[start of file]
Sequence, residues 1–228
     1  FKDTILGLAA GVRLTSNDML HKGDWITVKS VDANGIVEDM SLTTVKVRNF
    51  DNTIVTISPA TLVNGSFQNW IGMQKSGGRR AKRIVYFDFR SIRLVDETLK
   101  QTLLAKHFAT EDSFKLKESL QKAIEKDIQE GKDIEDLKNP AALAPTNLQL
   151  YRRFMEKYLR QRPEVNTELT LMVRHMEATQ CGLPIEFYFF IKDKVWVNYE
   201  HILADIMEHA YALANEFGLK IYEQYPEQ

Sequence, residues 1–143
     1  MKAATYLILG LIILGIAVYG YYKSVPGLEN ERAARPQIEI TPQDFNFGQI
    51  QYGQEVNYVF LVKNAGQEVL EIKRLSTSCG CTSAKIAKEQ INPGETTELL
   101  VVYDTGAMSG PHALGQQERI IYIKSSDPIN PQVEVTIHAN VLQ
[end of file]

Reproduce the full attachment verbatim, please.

Sequence, residues 1–228
     1  FKDTILGLAA GVRLTSNDML HKGDWITVKS VDANGIVEDM SLTTVKVRNF
    51  DNTIVTISPA TLVNGSFQNW IGMQKSGGRR AKRIVYFDFR SIRLVDETLK
   101  QTLLAKHFAT EDSFKLKESL QKAIEKDIQE GKDIEDLKNP AALAPTNLQL
   151  YRRFMEKYLR QRPEVNTELT LMVRHMEATQ CGLPIEFYFF IKDKVWVNYE
   201  HILADIMEHA YALANEFGLK IYEQYPEQ

Sequence, residues 1–143
     1  MKAATYLILG LIILGIAVYG YYKSVPGLEN ERAARPQIEI TPQDFNFGQI
    51  QYGQEVNYVF LVKNAGQEVL EIKRLSTSCG CTSAKIAKEQ INPGETTELL
   101  VVYDTGAMSG PHALGQQERI IYIKSSDPIN PQVEVTIHAN VLQ